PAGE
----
Archive for the 'Human trafficking' Category
Denying the existence of human trafficking seems no longer the case in the United Arab Emirates. Gulfnews reports:
Sharjah: The UAE courts saw 36 suspects tried in 20 cases of human trafficking last year, according to the National Committee to Combat Human Trafficking (NCCHT).
“In 2007, we had 10 cases tried for human trafficking based on Law 51. There were five convictions, with sentences of between 3 to 10 years’ imprisonment, for aiding and inciting human trafficking,” said Dr Saeed Mohammad Al Ghafli, Executive Director of the Ministry of State for Federal National Council Affairs and Secretary of NCCHT.
Al Ghafli announced the statistics at a symposium on human trafficking held at the Training and Judicial Studies Centre at Sharjah University City.
An 8-page report by Amnesty International documents widespread domestic violence and sexual abuse of women in Armenia. According to the findings, while one in four Armenian women are physically violated by family members, many more are psychologically abused.
Worst of all, violence against women is a taboo in Armenia, with all-male government agencies reluctant to investigate “private matters” and women afraid to report abuse in the first place. Moreover, the report says that many women in Armenia help perpetuate the widespread abuse by treating violence as normal. Amnesty quotes an infamous Armenian saying that translates, “A woman is like wool; the more you beat her, the softer she’ll be.”
The government of Armenia in essence denies that domestic abuse is an issue in the Republic, although there has been some talk by officials about change. There are still no laws that deal with the issue.
This conventional violence in Armenia, as the report carefully suggests, has translated into people not carrying about human trafficking.
The website of the Armenian Genocide Memorial and Museum has posted archival photographs of some of the women and children who were sexually enslaved during the Armenian Genocide of WWI. The captives were tattooed as seen in the few photographs below.
Islamized and tattooed Armenian woman, Orient im Bild, Potsdam, 1927.
Victoria, 19 years old, from Adiyaman, Nubarian library collection, Paris.
Mariam Chaparlian, 27 years old, from Marash, Nubarian library collection, Paris.
Marie Bisninyan, 20 years old, Nubarian library collection, Paris.
Melek, 17 years old, Nubarian library collection, Paris
The Armenian genocide resulted in the kidnapping of thousands of Armenian women from their families, usually during deportations or overnight stops. After the organized mass killings of the Armenian male population, during the first stage of state-orchestrated policy of extermination, the Ottoman governors implemented another pre-meditated phase of the genocidal policy: the destruction of the rest of Armenian population in the Ottoman Empire, this time targeting the elderly, women and children.
Some of those individuals who were kidnapped and integrated into Muslim family life, over time forgot about their Armenian ethnicity and even lost the ability to speak their native language. In order to save their own lives and the lives of their loved ones many Armenian women forcibly to adopted Islam. They eventually were married off to Muslim men and in keeping with local tribal customs, were marked with specific tattoos. Tattoos were extensively used as amulets in the Middle East and Islamic countries, with the wearers believing that the mark imbued them with magical powers. These tattoos were often in the form of dots or a small “x” and provided protection, strength or fertility. These new markings represented new belonging and a marked change in their life.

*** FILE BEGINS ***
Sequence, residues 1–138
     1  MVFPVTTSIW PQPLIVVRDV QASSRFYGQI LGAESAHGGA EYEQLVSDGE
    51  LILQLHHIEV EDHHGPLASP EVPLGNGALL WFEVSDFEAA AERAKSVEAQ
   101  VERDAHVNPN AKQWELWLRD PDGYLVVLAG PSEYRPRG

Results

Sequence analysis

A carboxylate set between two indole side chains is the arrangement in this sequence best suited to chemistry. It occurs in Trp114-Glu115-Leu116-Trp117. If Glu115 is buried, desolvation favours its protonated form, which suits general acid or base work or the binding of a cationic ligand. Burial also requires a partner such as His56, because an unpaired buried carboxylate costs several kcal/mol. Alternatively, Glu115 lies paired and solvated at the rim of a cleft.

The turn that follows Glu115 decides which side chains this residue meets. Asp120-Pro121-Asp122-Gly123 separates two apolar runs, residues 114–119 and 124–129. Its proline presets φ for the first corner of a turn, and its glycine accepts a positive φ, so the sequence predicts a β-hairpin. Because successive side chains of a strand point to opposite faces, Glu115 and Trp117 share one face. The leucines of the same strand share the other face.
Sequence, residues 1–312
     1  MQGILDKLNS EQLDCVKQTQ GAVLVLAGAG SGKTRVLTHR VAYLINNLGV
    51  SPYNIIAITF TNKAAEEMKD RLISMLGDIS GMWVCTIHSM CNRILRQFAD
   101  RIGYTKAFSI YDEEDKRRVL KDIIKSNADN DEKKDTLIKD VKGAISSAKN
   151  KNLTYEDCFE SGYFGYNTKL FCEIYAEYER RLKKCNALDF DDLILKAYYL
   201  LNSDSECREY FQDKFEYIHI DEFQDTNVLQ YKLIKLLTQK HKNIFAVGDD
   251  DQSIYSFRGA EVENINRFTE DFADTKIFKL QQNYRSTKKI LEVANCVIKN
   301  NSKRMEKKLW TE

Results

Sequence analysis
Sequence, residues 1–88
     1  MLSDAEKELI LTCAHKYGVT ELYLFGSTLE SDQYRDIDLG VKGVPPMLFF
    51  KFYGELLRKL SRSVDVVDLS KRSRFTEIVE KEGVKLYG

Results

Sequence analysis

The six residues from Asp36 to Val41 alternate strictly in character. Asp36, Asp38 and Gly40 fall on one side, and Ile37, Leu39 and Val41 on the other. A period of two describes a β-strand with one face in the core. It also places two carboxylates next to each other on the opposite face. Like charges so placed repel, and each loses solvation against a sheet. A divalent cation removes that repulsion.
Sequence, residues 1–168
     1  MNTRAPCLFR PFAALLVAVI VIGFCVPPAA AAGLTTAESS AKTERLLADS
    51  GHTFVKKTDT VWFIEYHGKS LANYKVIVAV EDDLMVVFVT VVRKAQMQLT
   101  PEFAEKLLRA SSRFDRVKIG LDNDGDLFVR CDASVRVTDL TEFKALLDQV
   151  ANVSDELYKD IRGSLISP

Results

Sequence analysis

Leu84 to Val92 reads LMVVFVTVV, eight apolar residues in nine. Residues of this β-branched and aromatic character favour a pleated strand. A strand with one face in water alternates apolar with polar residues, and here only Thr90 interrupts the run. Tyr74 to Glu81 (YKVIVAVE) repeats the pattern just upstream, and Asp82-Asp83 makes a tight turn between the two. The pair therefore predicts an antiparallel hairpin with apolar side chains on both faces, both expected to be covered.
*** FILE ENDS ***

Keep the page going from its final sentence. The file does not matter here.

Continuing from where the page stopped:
What is ironic in this story is that Armenia’s society and especially the government do almost nothing to stop the ongoing and current human trafficking of women and children from Armenia.
I only noticed today that Azg Daily, a Yerevan-based publication, published my latest Armenian column on human trafficking and oppression of women in Armenia in its Nov 29, 2007, issue.
Այսօր, 2007 թվականին, աշխարհում կան ավելի շատ ստրուկներ, քան 200 տարի առաջ: Ի տարբերություն 1600-ականներին եւ հետագա տարիներին Աֆրիկայից բռնի փախցրած եւ Ամերիկայում ստրկության մատնված միլիոնավոր մարդկանց, մերօրյա ստրուկները հաճախ լքում են իրենց տները հոժար կամքով՝ բարեկեցիկ ապագա ստեղծելու երազներով:
[Today, in 2007, there are more slaves in the world than 200 years ago. In contrast to the millions of people kidnapped from Africa and forced into slavery in America in the 1600s, modern slaves often leave their homes with their own will with dreams for a better future.]
Անապահով ընտանիքներից լինելուց բացի թրաֆիկինգի զոհերին միացնում է նաեւ այլ փաստ՝ կին լինելը: Լինելով հանցանք ամբողջ մարդկության դեմ՝ թրաֆիկինգը նաեւ կանանց ճնշման միջոց է եւ ինչ-որ չափով այդ ճնշման հետեւանք: Հայաստանը նախկին սովետական երկրների հետ համեմատած ունի կանանց նվազագույն ներկայացուցչությունը օրենսդրական մարմնում. Հայաստանի Հանրապետության Ազգային Ժողովի անդամների հինգ տոկոսն է ընդամենը կին, երբ կանայք կազմում են նույն հանրապետության բնակչության կեսից ավելին:
[Aside from being from impoverished families, there is something else that unites victims of human (sex) trafficking – being women. Being a crime against all humanity, human trafficking is also a way of oppression against women and a result of the same oppression. In comparison to other former Soviet countries, Armenia has the lowest percentage of female lawmakers: only 5% of members of the National Assembly of the Republic of Armenia are women while females constitute more than half of the population of the same republic.]